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JAZZ REVIEW

A blast of a celebration

The L.A. Philharmonic pays tribute to pianist-composer Horace Silver in the musical style to which he is accustomed -- which means foot-tapping, body-moving, gutsy sound.

January 19, 2007|Don Heckman | Special to The Times

The L.A. Phil couldn't have picked a better way to start the jazz new year than with a tribute to pianist-composer Horace Silver. And, thankfully, it was a tribute that took place while the honoree was present to enjoy the accolades. Seated at the front of Walt Disney Concert Hall on Wednesday night, waving to a congratulatory crowd, the 78-year-old jazz veteran was presented with a virtual banquet of his works, performed by an all-star lineup of his former musical associates.

There was a lot of music from which to choose. In his more than 50 years of high visibility, Silver created an extraordinary body of work -- highly regarded when much of it was recorded in the '60s and subsequently covered by artists (both jazz and pop) of every jazz style and manner.

For this presentation, however, bassist Christian McBride, the L.A. Phil's Creative Chair for Jazz, elected to showcase the music with players who either had performed or recorded with Silver or who were closely related, generationally or stylistically. McBride, with pianist Cedar Walton and drummer Roger Humphries, provided the basic rhythm section. They were joined by a sequence of trumpet-tenor saxophone pairings, reproducing the gutsy sound of the original Silver bands.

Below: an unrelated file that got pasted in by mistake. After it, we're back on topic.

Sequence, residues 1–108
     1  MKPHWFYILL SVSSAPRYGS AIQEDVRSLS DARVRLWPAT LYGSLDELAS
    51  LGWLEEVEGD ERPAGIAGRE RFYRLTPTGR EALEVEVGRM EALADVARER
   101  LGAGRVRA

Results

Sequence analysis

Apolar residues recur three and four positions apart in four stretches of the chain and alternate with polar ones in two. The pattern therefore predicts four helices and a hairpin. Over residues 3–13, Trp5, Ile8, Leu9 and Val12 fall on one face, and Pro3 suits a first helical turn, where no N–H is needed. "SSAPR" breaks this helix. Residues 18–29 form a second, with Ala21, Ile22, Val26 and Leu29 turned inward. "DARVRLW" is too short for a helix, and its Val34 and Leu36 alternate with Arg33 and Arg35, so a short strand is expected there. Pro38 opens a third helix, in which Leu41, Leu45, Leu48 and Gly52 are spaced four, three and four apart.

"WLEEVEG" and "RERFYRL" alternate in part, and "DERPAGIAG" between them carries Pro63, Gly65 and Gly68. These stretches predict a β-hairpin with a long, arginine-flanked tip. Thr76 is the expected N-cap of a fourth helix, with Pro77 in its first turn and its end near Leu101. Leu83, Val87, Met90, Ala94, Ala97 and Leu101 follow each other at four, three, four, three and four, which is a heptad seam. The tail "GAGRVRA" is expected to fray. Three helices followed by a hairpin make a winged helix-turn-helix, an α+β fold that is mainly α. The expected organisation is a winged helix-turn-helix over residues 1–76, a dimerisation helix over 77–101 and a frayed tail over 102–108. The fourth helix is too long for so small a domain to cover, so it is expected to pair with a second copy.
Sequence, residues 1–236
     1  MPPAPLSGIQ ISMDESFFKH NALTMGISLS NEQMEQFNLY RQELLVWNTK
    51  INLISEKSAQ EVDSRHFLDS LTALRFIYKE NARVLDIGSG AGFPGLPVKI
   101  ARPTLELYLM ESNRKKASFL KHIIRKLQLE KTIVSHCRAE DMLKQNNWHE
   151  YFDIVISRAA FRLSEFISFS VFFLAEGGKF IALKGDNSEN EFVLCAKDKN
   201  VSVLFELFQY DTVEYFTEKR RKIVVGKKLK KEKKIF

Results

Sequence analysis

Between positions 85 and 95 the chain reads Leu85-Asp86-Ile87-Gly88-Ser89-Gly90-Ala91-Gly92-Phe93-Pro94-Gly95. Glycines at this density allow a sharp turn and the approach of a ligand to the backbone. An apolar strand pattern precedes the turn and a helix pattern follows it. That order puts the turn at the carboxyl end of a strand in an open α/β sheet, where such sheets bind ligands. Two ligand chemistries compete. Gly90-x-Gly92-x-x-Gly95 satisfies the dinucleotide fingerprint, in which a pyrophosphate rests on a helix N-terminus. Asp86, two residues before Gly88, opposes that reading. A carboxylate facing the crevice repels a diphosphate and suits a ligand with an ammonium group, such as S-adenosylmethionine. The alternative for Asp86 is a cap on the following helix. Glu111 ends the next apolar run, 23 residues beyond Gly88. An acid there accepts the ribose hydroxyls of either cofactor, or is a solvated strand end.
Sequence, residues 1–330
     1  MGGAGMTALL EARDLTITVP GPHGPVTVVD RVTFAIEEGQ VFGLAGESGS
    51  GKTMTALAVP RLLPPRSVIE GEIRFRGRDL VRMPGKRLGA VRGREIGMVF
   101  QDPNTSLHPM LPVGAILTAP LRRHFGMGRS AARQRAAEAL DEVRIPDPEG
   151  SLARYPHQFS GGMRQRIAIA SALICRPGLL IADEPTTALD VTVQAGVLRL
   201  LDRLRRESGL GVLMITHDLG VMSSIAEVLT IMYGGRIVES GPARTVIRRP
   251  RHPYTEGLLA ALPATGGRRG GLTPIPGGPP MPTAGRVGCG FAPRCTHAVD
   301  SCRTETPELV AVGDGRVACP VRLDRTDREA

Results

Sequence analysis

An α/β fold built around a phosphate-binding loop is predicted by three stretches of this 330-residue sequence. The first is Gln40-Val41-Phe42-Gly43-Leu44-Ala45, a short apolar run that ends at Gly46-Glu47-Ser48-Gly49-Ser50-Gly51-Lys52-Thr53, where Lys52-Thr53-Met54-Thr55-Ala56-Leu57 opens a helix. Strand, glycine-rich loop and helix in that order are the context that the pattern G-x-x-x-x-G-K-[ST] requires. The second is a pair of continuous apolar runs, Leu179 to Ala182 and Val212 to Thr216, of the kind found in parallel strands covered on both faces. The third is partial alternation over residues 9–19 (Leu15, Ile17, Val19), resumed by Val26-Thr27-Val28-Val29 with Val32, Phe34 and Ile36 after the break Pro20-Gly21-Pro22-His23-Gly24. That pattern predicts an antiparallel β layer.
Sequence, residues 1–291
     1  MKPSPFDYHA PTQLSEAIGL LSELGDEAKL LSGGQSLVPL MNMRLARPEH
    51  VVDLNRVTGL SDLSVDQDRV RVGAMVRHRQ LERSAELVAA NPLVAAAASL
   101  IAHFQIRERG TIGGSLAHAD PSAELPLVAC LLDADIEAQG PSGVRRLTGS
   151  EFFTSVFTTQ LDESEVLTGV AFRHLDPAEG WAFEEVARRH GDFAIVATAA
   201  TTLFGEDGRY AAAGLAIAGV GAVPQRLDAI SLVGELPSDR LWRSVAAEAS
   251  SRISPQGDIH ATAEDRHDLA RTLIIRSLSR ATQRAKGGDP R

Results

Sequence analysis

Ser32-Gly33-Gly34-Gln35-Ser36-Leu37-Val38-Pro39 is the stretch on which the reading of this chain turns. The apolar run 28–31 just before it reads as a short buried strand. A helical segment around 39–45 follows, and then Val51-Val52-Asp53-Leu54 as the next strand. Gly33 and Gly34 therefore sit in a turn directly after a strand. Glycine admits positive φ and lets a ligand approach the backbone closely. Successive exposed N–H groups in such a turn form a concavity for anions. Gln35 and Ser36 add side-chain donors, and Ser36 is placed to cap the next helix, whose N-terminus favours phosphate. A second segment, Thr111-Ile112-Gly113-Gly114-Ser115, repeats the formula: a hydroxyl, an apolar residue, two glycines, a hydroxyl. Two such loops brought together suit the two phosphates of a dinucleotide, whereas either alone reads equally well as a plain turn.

Trumpeter Tom Harrell and saxophonist Joe Lovano were the first duo to link up with the rhythm team. They kicked off the evening with a set featuring a pair of Silver classics: "Senor Blues" and "Nica's Dream." Harrell's lyrical sound contrasted perfectly with Lovano's dark-toned, urban tenor ruminations. And the basic elements of the Silver style were on full display: riff-driven accompaniment figures, often played in unison by piano and bass; spirited, immediately memorable melodies; a driving sense of swing, often enhanced by an undercurrent of Caribbean rhythm.

They were followed by trumpeter Charles Tolliver and tenor saxophonist Bennie Maupin in an especially engaging romp through "Psychedelic Sally." Although the ensemble playing was propelled by characteristic Silver qualities, the horn soloing took a different slant through Tolliver's slippery lines and Maupin's outer limits improvising. When they were joined by singer Andy Bey, applying his utterly original style to "Peace Is for Everyone," yet another aspect of Silver's music surfaced: the fascination with matters of mind and spirit that began to become integral to his art in the early '70s.

The final duo, trumpeter Randy Brecker and saxophonist George Coleman, produced the most authentic-sounding simulation of the early Silver groups in "That Healin' Feelin' " and "Gregory Is Here." Coleman's hard-bop tenor united with Brecker's clarion sound and well-crafted soloing in a jaunty revival of the irresistibly foot-tapping, body-moving qualities of Silver's '60s bands.

Keeping the mood alive, Dee Dee Bridgewater brought her charismatic ebullience to a pair of high-spirited Silver classics, "Doodlin' " and "Filthy McNasty," followed by a climactic all-join-in version of Silver's best-known composition, "Song for My Father," performed by the full complement of players.

It was an appropriate musical conclusion to an embracing evening -- a worthy celebration of a musical life that matters.

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